14.5 Volume from Spot Levels 397
14.6 Volume by Simpson's Cubature Formula 398
14.7 Volume from Contour Plan 400
14.8 Mass Haul Curve 403'
References 445
Problems 445
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15. TACHEOMETRY 450-499
15.1 Introduction 450
15.2 Instruments 450
15.3 Different Types of Tncheometric),lensurements 451·
15.4 Principles of Stadia Method 452
15.5 Internal Focussing Telescope .456
15.6 Determination of Tacheometer Constants 457
15.7 Distance and Elevation Formulae 458 •
15.8 Movable Hair Method 461
15.9 Jangentinl System of Measurement 463
15.10 Subtense Bar 464
15.11 Computations with Incomplete Intercepts 465
15.12 Relative Merits of Holding the Staff Vertical or Normal 473
15.13 Problems in Practical Application of Tnngentiul Method '476
15.14 Tacheometric Calculations and Reductions 480
15.15 Errors in Tacbeometric Surveying, 486
15.1 6 Uses of Tacheometry 486
15.17 ~ vIiscellaneous Examples 487
Reference 496
Prob/ellls 496
.. 500-525
16. PLANE TABLE SURVEYING
16.1 Introduction 500
16) Equiprnents Required 500
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16.3 Working with Plane Table 504
16,4 Different Methods of Plane Table Work 505
16.5 .
Errors in Plane Table 511
16,6 Advantages and Disadvantages of Plane Table Survey 512
16.7 Analytical and Graphical Solutions 514
Problems 524
17. TOPOGRAPHICAL St.:RVEYl:\G 526-537 c,
17.1 Introduction 526
17.2 Control for Topographic Surveys 526
17.3 Plotting of Contours 527
j 7.4 Characteristics of Contour 528
17.5 Methods of -Locating Contours 529
17.6 Field Methods of Obtaining Topography 530
17.7 Sources of Errors in Topographical Surveys 531
17.8 Interpolation of Contours 532
17.9 Uses of Contours 532
Problems 536
18.. COi\STRUCTION SURVEYI:\G 538-547
18.1 Introduction 538
18.2 Equipments for Setting Out 538
18.3 Horizontal and Vertical Control 538
18A Selling Out a Pipe Line 539
18.5 Selling Out of Buildings and Structures 541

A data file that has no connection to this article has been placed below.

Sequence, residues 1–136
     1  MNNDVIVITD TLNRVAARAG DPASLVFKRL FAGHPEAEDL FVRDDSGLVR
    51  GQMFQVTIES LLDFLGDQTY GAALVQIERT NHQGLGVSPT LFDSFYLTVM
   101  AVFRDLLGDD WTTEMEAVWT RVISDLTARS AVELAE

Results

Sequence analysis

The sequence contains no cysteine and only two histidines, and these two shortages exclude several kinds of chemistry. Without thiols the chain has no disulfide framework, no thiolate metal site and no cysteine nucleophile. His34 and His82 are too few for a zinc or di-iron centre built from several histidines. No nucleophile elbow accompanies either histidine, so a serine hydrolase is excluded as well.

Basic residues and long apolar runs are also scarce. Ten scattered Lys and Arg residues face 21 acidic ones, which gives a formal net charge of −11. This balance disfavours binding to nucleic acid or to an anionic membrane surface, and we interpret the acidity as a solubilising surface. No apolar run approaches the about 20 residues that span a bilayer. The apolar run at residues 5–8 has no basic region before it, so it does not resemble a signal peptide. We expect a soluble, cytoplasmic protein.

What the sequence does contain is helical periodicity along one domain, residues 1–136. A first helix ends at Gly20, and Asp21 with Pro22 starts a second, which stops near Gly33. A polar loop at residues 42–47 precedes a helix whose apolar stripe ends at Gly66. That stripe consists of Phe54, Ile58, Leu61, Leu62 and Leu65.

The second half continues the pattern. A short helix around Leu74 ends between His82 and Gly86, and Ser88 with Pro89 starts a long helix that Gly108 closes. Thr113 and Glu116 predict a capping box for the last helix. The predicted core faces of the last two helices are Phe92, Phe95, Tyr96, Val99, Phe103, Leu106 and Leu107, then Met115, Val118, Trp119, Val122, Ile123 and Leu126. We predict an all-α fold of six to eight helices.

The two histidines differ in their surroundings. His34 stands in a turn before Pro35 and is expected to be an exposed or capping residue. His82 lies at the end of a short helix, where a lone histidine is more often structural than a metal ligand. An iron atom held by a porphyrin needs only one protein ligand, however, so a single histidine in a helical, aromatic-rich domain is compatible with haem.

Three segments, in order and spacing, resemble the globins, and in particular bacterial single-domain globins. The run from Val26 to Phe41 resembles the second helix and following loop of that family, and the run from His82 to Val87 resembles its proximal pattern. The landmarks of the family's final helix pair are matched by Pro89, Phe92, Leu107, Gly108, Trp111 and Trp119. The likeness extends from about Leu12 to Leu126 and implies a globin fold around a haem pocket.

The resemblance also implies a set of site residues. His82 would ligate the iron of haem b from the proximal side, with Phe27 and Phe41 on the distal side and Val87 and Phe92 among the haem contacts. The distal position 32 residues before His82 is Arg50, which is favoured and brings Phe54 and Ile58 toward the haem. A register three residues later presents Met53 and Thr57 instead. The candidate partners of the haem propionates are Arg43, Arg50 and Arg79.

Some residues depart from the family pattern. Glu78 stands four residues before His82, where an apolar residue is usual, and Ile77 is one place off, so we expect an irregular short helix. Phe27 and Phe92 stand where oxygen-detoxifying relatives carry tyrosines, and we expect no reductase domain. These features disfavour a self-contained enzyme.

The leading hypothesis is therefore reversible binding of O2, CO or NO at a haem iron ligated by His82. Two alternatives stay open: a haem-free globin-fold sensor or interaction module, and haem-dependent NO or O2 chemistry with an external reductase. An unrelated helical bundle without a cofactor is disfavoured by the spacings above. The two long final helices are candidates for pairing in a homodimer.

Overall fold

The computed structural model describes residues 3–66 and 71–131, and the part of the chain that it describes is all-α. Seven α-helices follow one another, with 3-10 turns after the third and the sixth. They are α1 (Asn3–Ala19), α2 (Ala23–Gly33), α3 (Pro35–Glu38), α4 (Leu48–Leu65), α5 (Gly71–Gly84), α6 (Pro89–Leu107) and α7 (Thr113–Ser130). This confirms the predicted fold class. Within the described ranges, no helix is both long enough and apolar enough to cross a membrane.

18.6 Staking Out a Highway 543
19.U!\DERGROU;\D SURVEYS 548-579
19.1 Introduction
19.2 Application of Underground Surveys
19.3 Aligning the Theodolite 551
1904 Determination of Azimuth by Gyroscope 553
19.5 Weisbach Triangle 555
19.6 Problems in Tunnel Survey 566
19.7 Analytical Derivations of Underground Surveys, 566
Problems 5iB
20. CO:,\IPUTE,R SURVEYI;\G 580-595
20.1 Introduction 580
20.2 Explanation of the Programs 580
.4l1slI'ers to Problems 597-600
Bibliograplzj' 601
Index 603-606
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.. Preface
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Modern surveying involves useof sophisticated scientific instruments. mathematical
methods and computational techniques. In writing this book on surveying. I have
tried therefore to explain comprehensively the principles of surveying instruments
and derivarion of mathematical formulae. Separate chapters have been written on
'Underground Surveys' and 'Computer Programs in Surveying' to incorporate the
recent developments in this field. .
I acknowledge my gratefulness to ail the authors listed in the Bibliography
as their works form the background of this book. I am also deeply indebted to
Mr. John Gamer and Dr. John Uren of the University of Leads. Dr. R. Baker of
the University of Salford; Engineering Council (UK). the Institution :of Civil
Engineers (UK) andotherUI< universities for permitting me to use theirquestions
in this book. I have also utilized the-questions from the examinations conducted